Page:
He pointed as to a manger. The medical Searcher looked, expecting a mother, crib, and holy babe by the way Wetherby gestured and cried:

“There she be!”

“Is it female, then?”

“Come to think, she is!”

And there in the candlelight was Wetherby’s mechanical pride.

Dr. Goff coughed, to hide his chagrin.

“That, sir, is but a metal frame!”

“But what a frame to hold velocities! Ha!”

And the old man, young with fevers, rushed to seize a largish wheel which he transported to fit to the front part of the frame. Then he fetched yet another circular object to fit into the frame’s rear.

“Well?” he cried.

“I see two wheels, half a cart, and no horse!”

“We will shoot all horses!” exclaimed Wetherby. “My invention, by the tens of thousands, will shy off all horses and banish manures. Do you know, each day in London a thousand tons of horse clods must be cleared, fertilizer wasted, not spread on neighbor fields but dumped as sludge down-Thames. God, how I talk!”

“But, sir, continue. Those look to be spinning wheels, borrowed from nearby farms?”

“They are, but spliced and strengthened with metal to sustain” – Wetherby touched himself – “one hundred twenty pounds. And here’s the saddle for that weight.” Whereupon he fitted a saddle mid-frame. “And here the stirrups and ribbon to run the back wheel.” So saying, he affixed a longish leather ribbon to one stirrup’s rotary and tightened it on a spool at the rear.

“Do you begin to perceive, Doctor?”

“I am stranded in ignorance, sir.

“Well, then, be alert, for I now enthrone myself.”

And the old man, light as a chimpanzee, slung himself in place on a leather seat mid-frame between the silent spinning wheels.

“I still see no horse, sir.”

“I am the horse, Doctor. I am the horse a-gallop!”

And the old man thrust his feet in the stirrups to chum them up, around, and down; up, around, and down; as the rear wheels, provoked, did likewise, up, down, around, with a lovely hum, fastened in place on the platform planks.

“Aha.” The doctor’s face brightened. “This is a device to manufacture electrical power? Something from Benjamin Franklin’s storm-lightning notebooks?!”

“Gods, no. It could make lightnings, yes! But this, sir, not seeming one, is a horse, and I its night rider! So!”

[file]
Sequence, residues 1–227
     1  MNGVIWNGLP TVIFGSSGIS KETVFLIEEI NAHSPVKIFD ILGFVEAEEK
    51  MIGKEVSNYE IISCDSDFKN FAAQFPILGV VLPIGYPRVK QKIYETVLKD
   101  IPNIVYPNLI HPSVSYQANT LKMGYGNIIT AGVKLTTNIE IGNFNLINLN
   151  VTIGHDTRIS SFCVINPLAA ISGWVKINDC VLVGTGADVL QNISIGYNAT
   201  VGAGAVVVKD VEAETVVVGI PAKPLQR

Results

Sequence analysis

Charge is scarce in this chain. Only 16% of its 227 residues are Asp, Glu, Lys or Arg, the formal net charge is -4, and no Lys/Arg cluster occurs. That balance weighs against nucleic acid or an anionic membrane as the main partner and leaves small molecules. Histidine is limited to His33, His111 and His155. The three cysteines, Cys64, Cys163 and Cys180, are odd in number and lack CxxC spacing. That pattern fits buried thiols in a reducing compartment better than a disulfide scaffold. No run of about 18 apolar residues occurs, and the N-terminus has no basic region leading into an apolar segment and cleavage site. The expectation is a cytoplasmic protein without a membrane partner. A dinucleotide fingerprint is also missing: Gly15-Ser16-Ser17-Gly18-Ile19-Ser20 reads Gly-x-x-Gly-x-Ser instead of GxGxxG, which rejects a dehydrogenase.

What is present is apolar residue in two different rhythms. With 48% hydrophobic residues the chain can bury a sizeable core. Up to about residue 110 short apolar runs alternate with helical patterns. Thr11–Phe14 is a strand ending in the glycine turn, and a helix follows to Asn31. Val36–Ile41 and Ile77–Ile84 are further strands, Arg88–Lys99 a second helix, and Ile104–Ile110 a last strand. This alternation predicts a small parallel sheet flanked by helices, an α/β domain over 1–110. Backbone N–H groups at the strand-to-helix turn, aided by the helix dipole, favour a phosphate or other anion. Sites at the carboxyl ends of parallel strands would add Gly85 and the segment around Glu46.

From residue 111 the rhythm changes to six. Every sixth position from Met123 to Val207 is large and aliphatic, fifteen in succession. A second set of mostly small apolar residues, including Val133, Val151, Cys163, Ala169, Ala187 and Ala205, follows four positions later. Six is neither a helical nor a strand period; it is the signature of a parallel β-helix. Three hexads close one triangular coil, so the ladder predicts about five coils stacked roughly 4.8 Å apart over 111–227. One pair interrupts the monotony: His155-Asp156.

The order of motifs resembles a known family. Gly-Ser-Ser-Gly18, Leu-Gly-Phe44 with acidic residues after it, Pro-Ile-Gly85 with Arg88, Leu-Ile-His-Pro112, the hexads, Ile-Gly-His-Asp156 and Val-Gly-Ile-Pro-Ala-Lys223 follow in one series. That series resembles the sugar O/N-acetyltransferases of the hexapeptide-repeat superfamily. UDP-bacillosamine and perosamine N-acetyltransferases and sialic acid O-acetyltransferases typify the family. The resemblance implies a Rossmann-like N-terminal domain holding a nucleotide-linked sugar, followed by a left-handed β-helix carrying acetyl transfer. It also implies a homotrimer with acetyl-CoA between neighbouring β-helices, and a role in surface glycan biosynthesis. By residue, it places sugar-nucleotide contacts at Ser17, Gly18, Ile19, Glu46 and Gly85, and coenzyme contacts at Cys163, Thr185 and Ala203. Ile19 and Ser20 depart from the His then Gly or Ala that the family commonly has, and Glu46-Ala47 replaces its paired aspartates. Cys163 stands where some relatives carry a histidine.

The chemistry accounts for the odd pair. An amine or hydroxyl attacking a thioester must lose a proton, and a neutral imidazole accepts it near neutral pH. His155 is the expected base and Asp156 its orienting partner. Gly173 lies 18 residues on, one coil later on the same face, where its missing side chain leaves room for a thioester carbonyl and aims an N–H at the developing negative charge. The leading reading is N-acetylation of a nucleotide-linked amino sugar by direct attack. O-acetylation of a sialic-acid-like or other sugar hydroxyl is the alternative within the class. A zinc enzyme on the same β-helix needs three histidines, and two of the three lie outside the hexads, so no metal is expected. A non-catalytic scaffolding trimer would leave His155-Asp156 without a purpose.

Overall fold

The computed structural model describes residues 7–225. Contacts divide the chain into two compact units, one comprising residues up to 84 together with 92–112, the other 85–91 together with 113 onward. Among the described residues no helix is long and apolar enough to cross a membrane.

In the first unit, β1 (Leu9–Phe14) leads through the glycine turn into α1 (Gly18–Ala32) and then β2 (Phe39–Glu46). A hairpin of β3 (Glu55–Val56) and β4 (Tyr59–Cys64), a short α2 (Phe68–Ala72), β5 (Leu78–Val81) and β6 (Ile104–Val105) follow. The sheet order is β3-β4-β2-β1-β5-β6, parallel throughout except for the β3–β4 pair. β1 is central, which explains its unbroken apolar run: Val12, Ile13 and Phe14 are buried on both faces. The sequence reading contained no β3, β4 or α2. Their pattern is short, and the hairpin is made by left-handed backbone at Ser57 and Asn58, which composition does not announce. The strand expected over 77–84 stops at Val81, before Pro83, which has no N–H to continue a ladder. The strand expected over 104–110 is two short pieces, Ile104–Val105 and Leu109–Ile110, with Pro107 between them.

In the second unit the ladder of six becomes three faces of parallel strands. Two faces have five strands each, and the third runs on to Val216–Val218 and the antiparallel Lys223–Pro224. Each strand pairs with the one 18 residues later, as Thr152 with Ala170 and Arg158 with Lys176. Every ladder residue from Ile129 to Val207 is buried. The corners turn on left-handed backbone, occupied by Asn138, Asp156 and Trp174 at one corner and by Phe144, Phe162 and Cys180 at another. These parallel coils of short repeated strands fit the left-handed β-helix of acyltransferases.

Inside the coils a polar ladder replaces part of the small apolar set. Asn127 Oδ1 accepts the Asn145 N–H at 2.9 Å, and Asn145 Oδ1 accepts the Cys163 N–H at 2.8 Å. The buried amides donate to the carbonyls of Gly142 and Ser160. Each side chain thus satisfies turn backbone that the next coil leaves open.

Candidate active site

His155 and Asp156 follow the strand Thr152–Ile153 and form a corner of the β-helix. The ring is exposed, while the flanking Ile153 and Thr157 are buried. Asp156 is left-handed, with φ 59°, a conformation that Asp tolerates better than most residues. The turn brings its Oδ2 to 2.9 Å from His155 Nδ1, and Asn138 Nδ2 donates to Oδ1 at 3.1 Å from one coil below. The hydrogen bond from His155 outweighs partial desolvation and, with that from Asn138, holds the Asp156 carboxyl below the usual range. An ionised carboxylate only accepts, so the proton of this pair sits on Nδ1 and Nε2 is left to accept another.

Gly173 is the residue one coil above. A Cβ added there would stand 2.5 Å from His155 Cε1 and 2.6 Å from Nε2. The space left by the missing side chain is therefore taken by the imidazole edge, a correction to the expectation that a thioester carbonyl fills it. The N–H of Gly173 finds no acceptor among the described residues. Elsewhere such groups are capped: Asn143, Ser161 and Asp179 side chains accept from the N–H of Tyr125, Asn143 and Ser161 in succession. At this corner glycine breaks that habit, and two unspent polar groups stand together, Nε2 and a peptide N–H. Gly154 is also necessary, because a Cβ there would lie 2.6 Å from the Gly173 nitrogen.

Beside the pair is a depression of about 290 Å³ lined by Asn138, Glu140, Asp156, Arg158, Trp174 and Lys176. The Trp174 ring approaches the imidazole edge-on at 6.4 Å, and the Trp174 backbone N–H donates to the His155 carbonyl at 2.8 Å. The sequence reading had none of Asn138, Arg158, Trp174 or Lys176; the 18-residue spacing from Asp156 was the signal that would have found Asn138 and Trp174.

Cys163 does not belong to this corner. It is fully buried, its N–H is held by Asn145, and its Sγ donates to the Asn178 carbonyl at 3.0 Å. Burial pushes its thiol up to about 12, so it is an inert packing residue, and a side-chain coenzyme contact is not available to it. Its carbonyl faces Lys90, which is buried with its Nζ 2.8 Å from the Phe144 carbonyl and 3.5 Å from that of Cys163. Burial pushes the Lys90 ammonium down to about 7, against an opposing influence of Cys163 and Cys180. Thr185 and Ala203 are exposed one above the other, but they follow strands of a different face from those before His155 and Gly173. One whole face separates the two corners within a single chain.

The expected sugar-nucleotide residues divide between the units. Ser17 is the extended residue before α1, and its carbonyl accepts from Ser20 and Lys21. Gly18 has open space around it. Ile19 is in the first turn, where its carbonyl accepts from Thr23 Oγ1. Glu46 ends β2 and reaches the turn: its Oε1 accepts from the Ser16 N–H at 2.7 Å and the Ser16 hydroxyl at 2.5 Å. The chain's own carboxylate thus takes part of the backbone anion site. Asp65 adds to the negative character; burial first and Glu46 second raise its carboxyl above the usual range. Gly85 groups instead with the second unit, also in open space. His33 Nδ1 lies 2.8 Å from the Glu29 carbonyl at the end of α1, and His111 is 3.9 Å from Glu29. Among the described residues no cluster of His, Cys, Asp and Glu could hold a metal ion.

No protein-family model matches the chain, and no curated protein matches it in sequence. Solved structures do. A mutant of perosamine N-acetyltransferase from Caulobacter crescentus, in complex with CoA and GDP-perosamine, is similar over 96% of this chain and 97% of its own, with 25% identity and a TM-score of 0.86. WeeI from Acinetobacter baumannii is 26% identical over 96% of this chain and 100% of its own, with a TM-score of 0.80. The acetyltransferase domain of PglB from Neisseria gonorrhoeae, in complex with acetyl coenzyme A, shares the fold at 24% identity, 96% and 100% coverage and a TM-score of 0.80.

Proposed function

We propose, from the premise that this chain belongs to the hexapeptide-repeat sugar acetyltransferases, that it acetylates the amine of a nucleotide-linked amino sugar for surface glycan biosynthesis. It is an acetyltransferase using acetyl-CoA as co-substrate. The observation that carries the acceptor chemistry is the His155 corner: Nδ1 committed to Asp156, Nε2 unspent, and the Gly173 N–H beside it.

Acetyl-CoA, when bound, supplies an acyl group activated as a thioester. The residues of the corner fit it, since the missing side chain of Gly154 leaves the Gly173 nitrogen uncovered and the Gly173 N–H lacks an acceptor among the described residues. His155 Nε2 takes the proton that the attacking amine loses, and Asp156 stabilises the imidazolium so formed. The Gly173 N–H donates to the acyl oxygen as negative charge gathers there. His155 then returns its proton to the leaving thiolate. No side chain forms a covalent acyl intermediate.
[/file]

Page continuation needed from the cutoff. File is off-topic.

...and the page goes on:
And Wetherby pumped and wheezed, wheezed and pumped, and the rear wheels, locked in place, spun faster, faster, with a siren whine.

“All very well,” snorted the good doctor, “but the horse, if it is, and the rider, if you are, seem to be going nowhere! What will you call your machine?”

“I have had many nights and years to think.” Wetherby pumped and wheezed. “The Velocitor, perhaps.” Pumpwheeze. “Or the Precipitor, but no, that sounds as if I might be thrown from my ‘horse.’ The Galvanizer, yes? Or why not-“ Wheeze-pump. “The Landstride or Diminisher, for-“ Wheeze-pump. “It does diminish time and distance. Doctor, you know Latin, eh? So, feet to wheel, wheel run by feet name it!”

“The Elijah, your given name, sir, the Elijah.”

“But he saw a wheel way in the middle of the air and it was a wheel in a wheel, is that not so?”

“When last I was in church, yes. And you are grounded, that is plain to see. Why not Velocipede, then? Having to do with speed and the applied toe and ankle?”

“Close-on, Dr. Goff, close-on. Why do you stare so fixedly?”

“It comes to mind that great times call forth great inventions. The inventor is child to his year and day. This is not a great time for such as you and yours. Did this century call you forth as its mightiest of all men of genius?”

Old Wetherby let his machine coast for a moment and smiled.

“No, I and my Tilda here, I call her Tilda, will instead be the gravity that calls forth the century. We will influence the year, the decade, and the millennium!”

“It is hard for me to believe,” said the medical gentleman, “that you will build a road from your sill to the city on which to glide your not-inconsiderable dream.”

“Nay, Doctor, the reverse is true. The city, and the world when they know me1 and this will run a concourse here to deliver me to fame.”

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Categories: Bradbury, Ray